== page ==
Doing what she wants, even if it doesn’t follow a traditional Hollywood trajectory, is certainly Williams’s M.O. Case in point: She actually dates like a real teen. “I have a boyfriend,” she shares. “I met him at school.” She pauses, and then smiles. “He’s really sweet.” Of course, even this comes with a self-aware levelheadedness: “I feel like I’m in love right now, but I don’t know what I am going to feel like down the line. That’s why I am kind of closed-minded about marriage—I don’t even know if I want to get married.”
Life, for Williams, seems normal—relatively speaking. Aside from the lone paparazzo, our somewhat wobbly, uncoordinated efforts have gone mostly unnoticed by passersby—until a teenage boy tentatively approaches Williams to ask for a picture. She exudes a near-sisterly warmth, thanking him for saying hello but politely declining, wishing him a lovely day. He doesn’t seem dejected, but instead smiles, apologizes, and goes on his way.
“I still don’t feel like I owe anyone anything,” she says, as we skate past the young fan. “If I don’t want a picture one day, I don’t have a problem saying no. I know some people get really weird about that, like, ‘You’re so mean.’ But if I was really in love with someone, I wouldn’t just want a picture. I would want to hang out with them,” she says.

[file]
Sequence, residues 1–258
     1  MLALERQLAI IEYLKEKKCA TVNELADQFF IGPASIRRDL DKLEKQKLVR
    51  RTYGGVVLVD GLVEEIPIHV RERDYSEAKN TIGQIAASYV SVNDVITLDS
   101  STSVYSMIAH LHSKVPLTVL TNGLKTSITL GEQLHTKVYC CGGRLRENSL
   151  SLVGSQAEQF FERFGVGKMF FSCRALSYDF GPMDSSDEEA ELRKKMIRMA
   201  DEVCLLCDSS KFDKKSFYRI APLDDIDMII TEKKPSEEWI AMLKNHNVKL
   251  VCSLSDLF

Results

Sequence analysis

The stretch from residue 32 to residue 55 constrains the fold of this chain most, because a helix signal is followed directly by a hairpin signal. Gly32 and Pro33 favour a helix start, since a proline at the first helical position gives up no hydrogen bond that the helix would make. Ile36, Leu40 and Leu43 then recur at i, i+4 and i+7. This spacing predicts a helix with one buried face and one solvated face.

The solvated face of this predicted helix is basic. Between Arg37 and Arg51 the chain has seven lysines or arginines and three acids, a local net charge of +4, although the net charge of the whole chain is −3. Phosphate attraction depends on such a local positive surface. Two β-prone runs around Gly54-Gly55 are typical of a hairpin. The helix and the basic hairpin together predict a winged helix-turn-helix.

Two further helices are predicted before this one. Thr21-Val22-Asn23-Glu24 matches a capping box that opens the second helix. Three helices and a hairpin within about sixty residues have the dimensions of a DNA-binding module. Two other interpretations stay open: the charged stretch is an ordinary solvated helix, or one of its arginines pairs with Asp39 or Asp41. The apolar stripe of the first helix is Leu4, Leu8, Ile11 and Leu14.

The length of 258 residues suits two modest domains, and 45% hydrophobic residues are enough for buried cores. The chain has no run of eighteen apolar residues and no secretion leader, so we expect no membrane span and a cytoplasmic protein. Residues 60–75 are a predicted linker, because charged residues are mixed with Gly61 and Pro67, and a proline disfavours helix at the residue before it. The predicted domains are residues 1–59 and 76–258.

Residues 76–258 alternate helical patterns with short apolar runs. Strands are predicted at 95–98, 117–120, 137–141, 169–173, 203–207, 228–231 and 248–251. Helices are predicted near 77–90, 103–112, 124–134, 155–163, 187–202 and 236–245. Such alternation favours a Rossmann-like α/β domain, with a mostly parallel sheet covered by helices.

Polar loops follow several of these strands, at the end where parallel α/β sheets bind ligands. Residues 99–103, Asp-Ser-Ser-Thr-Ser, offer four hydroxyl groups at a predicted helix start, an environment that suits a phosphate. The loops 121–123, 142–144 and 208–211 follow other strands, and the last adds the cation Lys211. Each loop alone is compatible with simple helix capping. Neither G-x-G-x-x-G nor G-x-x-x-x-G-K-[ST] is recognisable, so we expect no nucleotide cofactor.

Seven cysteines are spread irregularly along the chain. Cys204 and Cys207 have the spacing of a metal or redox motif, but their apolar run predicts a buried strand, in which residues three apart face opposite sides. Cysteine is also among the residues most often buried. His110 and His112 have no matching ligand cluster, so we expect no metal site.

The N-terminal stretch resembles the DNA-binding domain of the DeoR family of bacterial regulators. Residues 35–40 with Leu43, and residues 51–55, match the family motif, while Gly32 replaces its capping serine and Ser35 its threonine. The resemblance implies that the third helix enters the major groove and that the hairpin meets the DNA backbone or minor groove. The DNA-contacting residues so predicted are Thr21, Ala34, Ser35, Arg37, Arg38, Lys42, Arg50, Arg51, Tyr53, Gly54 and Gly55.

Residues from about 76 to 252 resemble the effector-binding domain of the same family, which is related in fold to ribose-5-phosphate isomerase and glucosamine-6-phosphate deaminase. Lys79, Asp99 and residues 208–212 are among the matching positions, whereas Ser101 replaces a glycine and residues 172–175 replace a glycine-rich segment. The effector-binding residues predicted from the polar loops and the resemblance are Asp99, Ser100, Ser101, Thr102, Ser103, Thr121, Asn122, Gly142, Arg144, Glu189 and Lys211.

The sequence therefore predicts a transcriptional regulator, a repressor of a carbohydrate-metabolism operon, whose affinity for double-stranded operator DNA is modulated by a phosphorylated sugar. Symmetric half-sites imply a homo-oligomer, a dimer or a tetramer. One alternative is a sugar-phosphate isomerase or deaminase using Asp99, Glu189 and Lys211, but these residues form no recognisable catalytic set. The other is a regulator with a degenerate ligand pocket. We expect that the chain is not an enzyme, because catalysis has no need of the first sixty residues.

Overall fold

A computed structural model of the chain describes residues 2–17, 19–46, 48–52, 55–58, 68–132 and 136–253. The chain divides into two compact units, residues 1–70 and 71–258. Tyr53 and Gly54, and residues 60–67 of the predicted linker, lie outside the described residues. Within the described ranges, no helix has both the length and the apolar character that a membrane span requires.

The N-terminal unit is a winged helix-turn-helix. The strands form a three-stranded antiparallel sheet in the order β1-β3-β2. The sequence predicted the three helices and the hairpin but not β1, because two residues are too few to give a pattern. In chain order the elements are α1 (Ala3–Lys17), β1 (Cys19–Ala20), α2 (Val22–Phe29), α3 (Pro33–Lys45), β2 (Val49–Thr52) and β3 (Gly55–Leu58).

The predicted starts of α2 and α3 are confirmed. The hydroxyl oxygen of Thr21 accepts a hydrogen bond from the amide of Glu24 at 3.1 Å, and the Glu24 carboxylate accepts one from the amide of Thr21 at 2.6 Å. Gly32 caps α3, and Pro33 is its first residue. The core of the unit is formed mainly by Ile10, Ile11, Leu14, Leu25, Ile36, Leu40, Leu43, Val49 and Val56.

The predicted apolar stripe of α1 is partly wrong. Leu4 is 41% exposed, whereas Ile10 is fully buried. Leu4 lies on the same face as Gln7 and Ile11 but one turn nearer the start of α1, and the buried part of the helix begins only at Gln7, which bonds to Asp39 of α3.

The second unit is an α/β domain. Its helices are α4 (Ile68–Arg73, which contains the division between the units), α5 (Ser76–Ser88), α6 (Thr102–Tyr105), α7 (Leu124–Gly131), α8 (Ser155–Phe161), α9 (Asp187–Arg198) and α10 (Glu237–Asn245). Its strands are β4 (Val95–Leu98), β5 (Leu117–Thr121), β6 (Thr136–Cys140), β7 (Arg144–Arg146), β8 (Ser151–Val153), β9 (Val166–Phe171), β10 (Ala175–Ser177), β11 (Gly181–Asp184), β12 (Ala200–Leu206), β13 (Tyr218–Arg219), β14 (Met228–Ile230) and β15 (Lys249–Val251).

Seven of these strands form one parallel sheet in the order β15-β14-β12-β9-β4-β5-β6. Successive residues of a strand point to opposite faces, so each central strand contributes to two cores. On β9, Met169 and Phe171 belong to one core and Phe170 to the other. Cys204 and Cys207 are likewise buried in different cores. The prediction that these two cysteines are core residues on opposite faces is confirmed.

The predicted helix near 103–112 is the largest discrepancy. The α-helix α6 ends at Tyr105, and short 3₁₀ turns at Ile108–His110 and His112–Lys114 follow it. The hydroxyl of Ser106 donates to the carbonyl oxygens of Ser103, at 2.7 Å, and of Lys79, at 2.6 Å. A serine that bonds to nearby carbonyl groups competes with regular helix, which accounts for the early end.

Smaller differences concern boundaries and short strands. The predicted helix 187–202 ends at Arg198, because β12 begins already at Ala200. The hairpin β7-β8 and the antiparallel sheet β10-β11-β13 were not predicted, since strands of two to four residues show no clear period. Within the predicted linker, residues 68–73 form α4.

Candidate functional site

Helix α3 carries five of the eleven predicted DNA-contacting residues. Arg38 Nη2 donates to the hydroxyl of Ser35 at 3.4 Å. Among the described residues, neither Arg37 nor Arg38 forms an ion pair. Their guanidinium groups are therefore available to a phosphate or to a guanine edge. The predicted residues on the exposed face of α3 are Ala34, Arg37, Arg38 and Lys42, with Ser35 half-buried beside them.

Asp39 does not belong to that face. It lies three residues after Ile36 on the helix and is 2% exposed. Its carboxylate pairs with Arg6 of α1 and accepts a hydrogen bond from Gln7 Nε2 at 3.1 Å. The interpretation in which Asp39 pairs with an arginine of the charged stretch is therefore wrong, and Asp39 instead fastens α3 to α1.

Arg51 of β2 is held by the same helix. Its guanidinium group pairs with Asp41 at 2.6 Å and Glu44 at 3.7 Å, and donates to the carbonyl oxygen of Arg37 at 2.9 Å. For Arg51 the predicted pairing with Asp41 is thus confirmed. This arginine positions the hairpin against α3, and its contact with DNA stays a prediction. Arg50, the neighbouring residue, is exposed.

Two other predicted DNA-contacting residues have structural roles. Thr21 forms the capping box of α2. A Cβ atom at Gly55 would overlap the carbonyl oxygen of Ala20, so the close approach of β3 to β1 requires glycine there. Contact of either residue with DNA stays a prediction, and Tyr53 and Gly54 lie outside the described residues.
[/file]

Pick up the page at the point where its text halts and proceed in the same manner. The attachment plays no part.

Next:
Judging by Instagram, it’s quite clear that she’s more than generous with her willingness to pose. And yet it’s understandable how one might find it difficult to get “back to zero” when everyone in your vicinity is pestering you about whether Jon Snow is dead or alive. (Sidenote: I asked. She expertly deflected.) “I can do normal things, but not in a normal way,” she explains. “When I go out clubbing, it’s like, ‘Oh, you’re that girl from that show!’ So I wear caps.” (Another sidenote: Turner says Williams is an excellent dancer.) “When I go to a music festival, I wear a mask, because, well, it is fun to wear masks, and also it is nice to walk around without taking pictures all the time,” adds Williams.
Music, it seems, brings Williams to that zero sweet spot. So does roller-skating. As she glides down the path following Santa Monica Boulevard, her enthusiasm is contagious, even with the approach of one of the most anticipated premieres in television history weighing heavily on her shoulders. Here is Maisie Williams: straddling adolescence and adulthood, normal life and Hollywood pageantry, Westeros and the real world. And, to her, finding that tricky balance is the only game worth playing.
Hair: Bryce Scarlett for The Hair Shop at The Wall Group. Makeup: Jen Fiamengo at Walter Schupfer using Chanel Beauté. Manicurist: Stephanie Stone at Nailing Hollywood using Formula X in Infinite Ombré Kit.
NYLON's May issue hits newsstands April 26.